This anniversary issue is fronted by a special feature, containing reminiscences and interviews with those involved throughout the journal’s history, from its founder Professor Tim Clark to recent postgraduate editors. As former editor Dr Kostas Boyiopoulos identifies, “one of the many advantages of Postgraduate English is that it is a hotbed of enduring ideas: the work of doctoral researchers it showcases often turns out to be the spark and keynote of their lifelong research path.”
There are of course examples of such ideas among the articles published in this issue, and we’ll be highlighting these individually over the coming weeks here on READ. For now, these include:
- Between penal reform and The Newgate Calendar: why are we made to feel for Fagin?, by Agnieszka Serdynska (King’s College London)
- ‘Just a pen, paper, and a little thought’: E. M. Forster and literary labour, by Bryony Armstrong (Durham University)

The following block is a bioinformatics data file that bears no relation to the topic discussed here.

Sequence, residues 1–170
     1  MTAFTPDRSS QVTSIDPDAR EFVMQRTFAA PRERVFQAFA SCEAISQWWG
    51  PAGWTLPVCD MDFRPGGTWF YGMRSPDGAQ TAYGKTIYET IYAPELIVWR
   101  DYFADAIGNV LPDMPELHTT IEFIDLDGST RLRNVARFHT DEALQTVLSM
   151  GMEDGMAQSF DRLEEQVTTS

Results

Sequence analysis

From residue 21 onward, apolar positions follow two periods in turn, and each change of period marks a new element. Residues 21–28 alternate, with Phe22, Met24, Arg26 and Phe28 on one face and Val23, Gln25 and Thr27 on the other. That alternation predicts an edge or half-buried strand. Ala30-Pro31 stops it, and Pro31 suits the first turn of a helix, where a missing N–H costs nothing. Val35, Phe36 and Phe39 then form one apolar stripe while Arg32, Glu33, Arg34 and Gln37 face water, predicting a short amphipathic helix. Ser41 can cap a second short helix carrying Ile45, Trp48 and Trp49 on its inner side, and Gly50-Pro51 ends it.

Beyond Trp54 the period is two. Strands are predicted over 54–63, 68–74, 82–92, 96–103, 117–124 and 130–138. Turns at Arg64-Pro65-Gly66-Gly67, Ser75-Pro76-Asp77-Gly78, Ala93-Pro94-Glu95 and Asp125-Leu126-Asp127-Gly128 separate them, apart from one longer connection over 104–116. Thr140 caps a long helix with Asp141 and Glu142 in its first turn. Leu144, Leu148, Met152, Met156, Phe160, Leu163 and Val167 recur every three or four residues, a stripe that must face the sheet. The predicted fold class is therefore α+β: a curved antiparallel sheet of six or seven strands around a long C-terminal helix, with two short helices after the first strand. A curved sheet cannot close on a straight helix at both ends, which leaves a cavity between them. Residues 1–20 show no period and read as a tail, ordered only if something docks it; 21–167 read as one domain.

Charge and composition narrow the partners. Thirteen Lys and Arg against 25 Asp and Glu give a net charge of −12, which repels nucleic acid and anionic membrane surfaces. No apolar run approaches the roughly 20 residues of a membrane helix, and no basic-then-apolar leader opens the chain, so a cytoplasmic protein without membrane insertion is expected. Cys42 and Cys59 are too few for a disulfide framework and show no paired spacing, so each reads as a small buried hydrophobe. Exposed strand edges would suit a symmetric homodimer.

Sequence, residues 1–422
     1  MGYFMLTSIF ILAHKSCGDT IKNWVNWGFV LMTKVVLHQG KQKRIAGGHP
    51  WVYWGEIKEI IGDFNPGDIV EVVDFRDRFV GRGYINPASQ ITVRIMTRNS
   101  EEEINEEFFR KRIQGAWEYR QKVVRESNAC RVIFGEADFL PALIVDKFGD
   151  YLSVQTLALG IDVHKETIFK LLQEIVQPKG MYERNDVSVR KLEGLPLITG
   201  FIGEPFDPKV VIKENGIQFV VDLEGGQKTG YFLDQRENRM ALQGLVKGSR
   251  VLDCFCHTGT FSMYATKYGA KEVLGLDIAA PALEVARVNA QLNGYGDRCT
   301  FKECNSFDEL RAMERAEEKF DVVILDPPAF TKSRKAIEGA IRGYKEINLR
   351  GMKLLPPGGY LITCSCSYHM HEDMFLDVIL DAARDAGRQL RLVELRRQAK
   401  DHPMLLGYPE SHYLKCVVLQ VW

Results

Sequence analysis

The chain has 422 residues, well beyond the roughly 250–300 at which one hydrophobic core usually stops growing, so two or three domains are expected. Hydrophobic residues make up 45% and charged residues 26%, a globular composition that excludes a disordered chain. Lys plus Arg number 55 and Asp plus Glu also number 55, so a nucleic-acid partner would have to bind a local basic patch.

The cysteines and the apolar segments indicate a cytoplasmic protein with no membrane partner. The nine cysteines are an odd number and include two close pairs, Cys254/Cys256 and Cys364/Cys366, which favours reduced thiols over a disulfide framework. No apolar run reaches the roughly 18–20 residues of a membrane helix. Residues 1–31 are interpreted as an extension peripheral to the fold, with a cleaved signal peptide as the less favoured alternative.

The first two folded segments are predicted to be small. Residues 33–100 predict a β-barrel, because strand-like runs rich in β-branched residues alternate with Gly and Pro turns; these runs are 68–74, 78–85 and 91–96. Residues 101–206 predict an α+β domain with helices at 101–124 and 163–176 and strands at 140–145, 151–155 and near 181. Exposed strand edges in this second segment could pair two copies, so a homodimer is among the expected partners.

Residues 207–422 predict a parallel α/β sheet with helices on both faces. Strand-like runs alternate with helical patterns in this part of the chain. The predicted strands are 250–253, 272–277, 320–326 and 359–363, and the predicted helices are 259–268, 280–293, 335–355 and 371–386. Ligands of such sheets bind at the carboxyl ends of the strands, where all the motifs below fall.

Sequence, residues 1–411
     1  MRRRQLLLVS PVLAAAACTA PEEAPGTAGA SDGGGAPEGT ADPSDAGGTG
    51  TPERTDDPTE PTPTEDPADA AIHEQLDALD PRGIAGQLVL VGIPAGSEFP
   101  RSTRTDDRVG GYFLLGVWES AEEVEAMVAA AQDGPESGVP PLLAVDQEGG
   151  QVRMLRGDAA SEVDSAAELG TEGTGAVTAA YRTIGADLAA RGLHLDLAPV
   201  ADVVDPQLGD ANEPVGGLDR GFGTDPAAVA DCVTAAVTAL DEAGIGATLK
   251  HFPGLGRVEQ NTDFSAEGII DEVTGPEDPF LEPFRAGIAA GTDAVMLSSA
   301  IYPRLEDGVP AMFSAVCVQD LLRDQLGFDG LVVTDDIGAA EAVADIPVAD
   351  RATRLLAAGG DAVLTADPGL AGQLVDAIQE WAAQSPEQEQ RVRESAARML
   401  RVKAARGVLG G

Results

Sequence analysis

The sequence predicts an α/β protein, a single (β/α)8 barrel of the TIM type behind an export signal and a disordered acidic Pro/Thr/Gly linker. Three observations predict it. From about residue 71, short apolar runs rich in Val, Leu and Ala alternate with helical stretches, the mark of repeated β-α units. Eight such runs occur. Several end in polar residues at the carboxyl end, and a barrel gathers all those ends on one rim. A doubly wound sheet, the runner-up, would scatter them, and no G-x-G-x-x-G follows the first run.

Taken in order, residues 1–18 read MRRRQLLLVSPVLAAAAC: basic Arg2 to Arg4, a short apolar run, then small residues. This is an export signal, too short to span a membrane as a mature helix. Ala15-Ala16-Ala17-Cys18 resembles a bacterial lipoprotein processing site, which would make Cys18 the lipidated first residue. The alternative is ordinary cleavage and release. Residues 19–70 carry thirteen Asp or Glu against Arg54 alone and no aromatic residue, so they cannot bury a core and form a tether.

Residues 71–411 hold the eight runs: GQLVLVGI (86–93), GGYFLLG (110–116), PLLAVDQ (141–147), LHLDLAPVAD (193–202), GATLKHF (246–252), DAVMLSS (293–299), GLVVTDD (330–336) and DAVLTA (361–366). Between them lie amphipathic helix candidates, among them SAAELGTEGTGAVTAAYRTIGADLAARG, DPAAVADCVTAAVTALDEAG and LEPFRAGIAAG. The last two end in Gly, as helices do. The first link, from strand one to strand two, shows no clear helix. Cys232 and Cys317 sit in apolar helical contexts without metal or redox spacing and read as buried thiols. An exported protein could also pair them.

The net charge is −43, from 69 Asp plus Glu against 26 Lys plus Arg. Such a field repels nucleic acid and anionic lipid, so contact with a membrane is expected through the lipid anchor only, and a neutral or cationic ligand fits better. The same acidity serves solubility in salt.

- A Marriage of Consumption in George Meredith’s The Egoist, by Jessica Lewis (Cardiff Metropolitan University)
- Those Backward Hordes: Representing the Indian Peasant as a ‘Rebel’ in Early Indian Fiction in English, by Swati Moitra (Gurudas College, University of Calcutta)
- “Time was running shorter, tightening around our house, crushing me.”: Space and Time in the Female Gothic of Shirley Jackson, by Harriet Barton (Durham University)
As always, all this work can be read for free in Postgraduate English, which has been an open access publication since its inception two decades ago.